Police officers throughout McHenry County will be able to get free mental health crisis training in November through a grant-funded initiative.
The Cary Police Department and the McHenry County Mental Health Board will host a five-day, 40-hour Crisis Intervention Team training course Nov. 6 to 10 for law enforcement officers serving agencies in the county.
The training is certified by the Illinois Law Enforcement Training and Standards Board and traditionally is offered several times a year through the Northeast Multi-Regional Training facility in North Aurora. Yet, more than 100 law enforcement agencies are vying for spots in those classes, which are capped at 30 to 35 participants, said Cary Police Deputy Chief Scott Naydenoff.
"Every agency shares the frustration that it's difficult to get seats in those other classes," said Naydenoff adding, none of Cary's 26 sworn police officers are trained in crisis intervention.
The demand for mental health training for police has increased in recent years. Police departments are finding it difficult to ensure they have enough personnel trained to respond appropriately to situations involving people experiencing symptoms of mental illness.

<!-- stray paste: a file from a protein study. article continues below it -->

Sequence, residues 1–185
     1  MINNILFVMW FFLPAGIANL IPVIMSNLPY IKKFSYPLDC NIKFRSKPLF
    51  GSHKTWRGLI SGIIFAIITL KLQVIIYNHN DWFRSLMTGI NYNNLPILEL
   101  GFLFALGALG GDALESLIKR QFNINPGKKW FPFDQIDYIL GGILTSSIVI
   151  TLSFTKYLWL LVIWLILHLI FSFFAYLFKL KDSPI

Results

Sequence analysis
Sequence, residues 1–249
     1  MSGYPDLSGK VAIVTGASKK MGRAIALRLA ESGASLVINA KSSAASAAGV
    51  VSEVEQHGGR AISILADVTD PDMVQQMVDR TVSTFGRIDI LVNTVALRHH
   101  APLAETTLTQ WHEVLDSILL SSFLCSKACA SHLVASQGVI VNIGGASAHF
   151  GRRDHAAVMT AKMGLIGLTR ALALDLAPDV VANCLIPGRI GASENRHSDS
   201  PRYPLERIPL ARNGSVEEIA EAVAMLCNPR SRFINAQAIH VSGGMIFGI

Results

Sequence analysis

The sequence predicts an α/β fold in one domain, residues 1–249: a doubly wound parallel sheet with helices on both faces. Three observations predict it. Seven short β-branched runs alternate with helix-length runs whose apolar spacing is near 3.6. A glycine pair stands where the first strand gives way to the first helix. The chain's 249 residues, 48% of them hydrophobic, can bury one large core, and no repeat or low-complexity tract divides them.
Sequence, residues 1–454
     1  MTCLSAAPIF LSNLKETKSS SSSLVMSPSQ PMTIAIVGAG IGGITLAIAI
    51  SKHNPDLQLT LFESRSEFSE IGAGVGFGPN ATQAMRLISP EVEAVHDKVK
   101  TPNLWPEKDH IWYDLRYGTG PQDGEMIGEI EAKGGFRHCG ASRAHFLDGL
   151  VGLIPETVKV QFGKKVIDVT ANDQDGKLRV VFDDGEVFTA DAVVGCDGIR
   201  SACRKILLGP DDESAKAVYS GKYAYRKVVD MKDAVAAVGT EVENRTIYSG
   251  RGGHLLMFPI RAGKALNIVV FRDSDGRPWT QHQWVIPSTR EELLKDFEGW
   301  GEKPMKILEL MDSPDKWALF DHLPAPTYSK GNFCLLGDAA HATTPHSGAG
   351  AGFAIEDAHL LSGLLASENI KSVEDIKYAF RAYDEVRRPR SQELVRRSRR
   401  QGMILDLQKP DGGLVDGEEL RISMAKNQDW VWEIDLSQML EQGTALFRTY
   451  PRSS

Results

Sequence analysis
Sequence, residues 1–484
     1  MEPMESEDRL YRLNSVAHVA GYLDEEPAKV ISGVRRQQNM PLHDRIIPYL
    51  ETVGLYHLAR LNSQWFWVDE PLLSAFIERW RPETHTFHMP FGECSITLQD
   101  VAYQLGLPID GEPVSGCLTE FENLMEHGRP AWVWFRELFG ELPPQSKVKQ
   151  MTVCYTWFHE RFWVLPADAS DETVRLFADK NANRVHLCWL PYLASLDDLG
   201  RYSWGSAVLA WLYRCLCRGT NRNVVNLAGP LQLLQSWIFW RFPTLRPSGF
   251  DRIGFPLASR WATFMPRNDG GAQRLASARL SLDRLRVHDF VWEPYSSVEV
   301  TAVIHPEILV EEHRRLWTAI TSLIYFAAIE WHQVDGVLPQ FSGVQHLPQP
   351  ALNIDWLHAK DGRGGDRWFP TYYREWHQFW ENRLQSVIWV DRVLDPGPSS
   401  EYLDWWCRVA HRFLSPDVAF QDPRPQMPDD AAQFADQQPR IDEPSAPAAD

"It's critical," Naydenoff said. "Over the past several years we have seen an increase in the number of calls of people experiencing some kind of mental illness. You want to give your personnel some tools to handle that situation as effectively as possible."
In October, 2016, the International Association of Chiefs of Police, in conjunction with the National Council for Behavioral Health launched the "One Mind Campaign," which calls on police agencies to train 100 percent of their personnel in the eight-hour Mental Health First Aid course, and 20 percent of sworn personnel in the 40-hour Crisis Intervention Team response model.
The 40-hour crisis intervention course typically costs between $15,000 and $18,000. The McHenry County Mental Health Board and The McHenry County Community Foundation are splitting the cost of providing this training for free through a $7,500 grant each to the Cary Police Department.
"The class will be capped at 30 students," Naydenoff said.